All surgeries were performed by the same group of surgeons. The two-point fixation technique is briefly described below: A 10 × 15 cm biological mesh was immersed in normal saline, placed into the abdominal cavity, and flattened, then it was fixed at the A and B sites at 2–3 cm from bilateral sides of the inferior epigastric artery at a level above the iliopubic tract. The projections of the A and B sites are depicted in Figure 1A,B. The A and B sites were measured before placing the mesh. The A site was at 3 cm medial to the inferior epigastric artery and at least 2 cm above the upper margin of the hernia ring. The B site was at 3 cm lateral to the inferior epigastric artery and at least 2 cm above the upper margin of the hernia ring (Figure 1C,D)., Figure 1E,F presents the projections of the fixation sites on the body surface after the mesh was placed. The puncture outfit (olecranoid anastomat for the abdominal wall) equipped with 4-0 Ethicon absorption thread was used to puncture the skin, the subcutaneous, muscular, and transversalis fascia layers, and then to puncture the corresponding fixation sites of the biological mesh. The thread was delivered, and the needle was withdrawn to the subcutaneous layer. Next, the needle was inserted at a different site again through the biological mesh, and the thread was pulled outward to the subcutaneous layer, which was then knotted with the other end of the thread to fix the mesh (Figure 1G).

The patients were followed up postoperatively for 1, 3, and 12 months by the outpatient department or by telephone calls. Information on the recurrence rate, surgical site infection rate, postoperative chronic pain, hematoma/seroma, the sense of the mesh as a foreign object, and chronic pain were collected. A visual analogve scale (VAS) was used to evaluate the patients’ postoperative pain.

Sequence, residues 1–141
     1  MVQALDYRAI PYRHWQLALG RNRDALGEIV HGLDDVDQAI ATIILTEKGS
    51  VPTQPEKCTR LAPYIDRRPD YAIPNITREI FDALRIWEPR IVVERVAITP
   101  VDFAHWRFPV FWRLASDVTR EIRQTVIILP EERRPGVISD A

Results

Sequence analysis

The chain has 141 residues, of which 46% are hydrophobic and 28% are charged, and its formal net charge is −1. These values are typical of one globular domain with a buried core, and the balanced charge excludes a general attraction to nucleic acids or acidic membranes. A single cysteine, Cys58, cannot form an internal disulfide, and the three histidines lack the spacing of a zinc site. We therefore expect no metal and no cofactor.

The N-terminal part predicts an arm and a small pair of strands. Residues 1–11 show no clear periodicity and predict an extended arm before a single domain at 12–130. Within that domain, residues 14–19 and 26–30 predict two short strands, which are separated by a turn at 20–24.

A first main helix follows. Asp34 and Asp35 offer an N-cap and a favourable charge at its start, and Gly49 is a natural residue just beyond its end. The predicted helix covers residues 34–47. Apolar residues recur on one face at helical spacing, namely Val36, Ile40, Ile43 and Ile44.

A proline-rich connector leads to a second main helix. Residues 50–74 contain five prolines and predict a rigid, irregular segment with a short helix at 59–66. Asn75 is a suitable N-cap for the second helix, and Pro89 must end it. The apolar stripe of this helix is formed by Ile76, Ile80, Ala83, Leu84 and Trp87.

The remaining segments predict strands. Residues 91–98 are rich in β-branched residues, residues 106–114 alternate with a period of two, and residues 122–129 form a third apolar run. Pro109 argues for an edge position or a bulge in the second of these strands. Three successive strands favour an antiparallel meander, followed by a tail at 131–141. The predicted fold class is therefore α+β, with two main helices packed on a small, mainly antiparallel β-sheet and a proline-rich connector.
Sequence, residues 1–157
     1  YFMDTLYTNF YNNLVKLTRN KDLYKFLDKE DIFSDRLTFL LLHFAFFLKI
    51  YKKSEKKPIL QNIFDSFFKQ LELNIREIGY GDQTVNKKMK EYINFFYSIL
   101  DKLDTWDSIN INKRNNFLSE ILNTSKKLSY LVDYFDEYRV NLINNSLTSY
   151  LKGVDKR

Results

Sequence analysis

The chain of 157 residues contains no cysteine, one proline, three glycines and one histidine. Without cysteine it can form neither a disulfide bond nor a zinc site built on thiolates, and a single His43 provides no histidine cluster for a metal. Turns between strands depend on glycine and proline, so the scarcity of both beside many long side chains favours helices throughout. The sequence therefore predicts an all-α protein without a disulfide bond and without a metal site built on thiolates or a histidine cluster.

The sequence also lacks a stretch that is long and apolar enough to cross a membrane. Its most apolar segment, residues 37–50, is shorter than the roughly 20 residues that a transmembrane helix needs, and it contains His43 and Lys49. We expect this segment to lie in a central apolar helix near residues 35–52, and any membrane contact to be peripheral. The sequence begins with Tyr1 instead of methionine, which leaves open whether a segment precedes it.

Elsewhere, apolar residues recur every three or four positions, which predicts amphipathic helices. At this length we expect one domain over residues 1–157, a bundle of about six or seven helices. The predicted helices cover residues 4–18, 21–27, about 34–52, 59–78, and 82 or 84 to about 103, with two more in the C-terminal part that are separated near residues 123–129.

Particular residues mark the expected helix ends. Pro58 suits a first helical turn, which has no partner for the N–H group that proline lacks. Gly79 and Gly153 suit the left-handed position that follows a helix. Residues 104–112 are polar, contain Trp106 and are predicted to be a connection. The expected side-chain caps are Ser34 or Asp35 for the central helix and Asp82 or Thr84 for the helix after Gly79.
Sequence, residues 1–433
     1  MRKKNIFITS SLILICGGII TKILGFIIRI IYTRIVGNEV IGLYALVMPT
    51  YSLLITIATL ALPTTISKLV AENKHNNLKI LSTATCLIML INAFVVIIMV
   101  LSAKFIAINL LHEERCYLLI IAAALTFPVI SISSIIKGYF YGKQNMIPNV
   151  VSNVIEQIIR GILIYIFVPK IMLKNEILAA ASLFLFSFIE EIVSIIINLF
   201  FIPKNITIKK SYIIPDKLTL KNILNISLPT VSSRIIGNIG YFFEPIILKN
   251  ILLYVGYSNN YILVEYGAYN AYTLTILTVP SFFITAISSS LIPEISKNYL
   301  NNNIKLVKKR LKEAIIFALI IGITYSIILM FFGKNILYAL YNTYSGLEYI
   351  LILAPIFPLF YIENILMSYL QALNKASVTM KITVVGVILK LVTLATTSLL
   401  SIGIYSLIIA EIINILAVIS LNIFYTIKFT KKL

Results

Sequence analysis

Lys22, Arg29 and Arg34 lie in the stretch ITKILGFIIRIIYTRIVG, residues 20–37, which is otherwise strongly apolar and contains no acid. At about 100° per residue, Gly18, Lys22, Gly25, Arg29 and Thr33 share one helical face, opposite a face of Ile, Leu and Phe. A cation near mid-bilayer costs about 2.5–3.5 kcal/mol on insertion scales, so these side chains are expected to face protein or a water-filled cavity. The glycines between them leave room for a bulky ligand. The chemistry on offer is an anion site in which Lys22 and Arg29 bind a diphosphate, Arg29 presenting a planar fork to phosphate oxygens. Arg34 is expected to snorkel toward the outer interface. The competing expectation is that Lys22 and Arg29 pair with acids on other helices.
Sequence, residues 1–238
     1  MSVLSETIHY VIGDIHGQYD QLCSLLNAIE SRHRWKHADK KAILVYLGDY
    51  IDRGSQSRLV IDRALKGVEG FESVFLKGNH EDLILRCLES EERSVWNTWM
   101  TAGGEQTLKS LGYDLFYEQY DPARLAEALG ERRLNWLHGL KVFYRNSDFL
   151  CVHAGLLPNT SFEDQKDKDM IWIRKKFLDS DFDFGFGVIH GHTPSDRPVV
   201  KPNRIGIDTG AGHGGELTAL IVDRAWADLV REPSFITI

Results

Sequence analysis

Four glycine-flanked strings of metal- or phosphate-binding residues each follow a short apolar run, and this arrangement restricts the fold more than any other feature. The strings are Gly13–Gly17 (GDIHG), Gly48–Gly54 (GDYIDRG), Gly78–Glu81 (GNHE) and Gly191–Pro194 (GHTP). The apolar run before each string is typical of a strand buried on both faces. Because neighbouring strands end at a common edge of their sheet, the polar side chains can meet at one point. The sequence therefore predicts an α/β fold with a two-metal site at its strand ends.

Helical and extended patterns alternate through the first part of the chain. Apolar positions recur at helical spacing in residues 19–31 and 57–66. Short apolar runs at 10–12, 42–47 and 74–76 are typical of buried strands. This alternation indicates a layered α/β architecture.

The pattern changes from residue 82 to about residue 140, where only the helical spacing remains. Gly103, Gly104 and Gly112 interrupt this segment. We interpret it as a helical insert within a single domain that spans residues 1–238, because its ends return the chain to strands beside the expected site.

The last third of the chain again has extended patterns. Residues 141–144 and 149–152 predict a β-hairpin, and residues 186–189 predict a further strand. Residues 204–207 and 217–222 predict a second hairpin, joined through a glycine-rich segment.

R Foundation for Statistical Computing (4.0.2, Vienna, Austria) was employed for the statistical analysis. The Shapiro-Wilk test was used to verify the normality of the data. Quantitative data were expressed as medians (interquartile range, IQR). Qualitative data were presented as frequencies and percentages. A p-value <0.05 was considered to indicate statistically significant differences.

Table I: Baseline characteristics of the patients.


Value (N = 38)

Age (years)

23.5 (18.0–31.8)




31 (81.6%)


7 (18.4%)

BMI (kg/m2)

21.97 (20.31–23.72)

Type of hernia


Femoral hernia

4 (10.5%)

Indirect hernia

35 (92.1%)

Direct hernia

1 (2.6%)

Unilateral/bilateral hernia


Unilateral hernia

36 (94.7%)

Bilateral hernia

2 (5.3%)

Inguinal Hernia Classification



5 (13.2%)


32 (84.2%)


3 (7.9%)


0 (0.0%)

Data are presented as medians (IQR) or frequencies (percentages).

Table II: Perioperative data and postoperative complications of the patients with a primary inguinal hernia who underwent hernia repair with a SIS mesh.


Value (n = 38)

Surgical time (min)

60.0 (48.0–62.2)

Suture time (min)

4.00 (3.00–4.00)

Estimated blood loss (mL)

10.0 (5.00–10.0)

Defect area (cm2)

3.00 (2.25–4.00)

Length of hospital stay (day)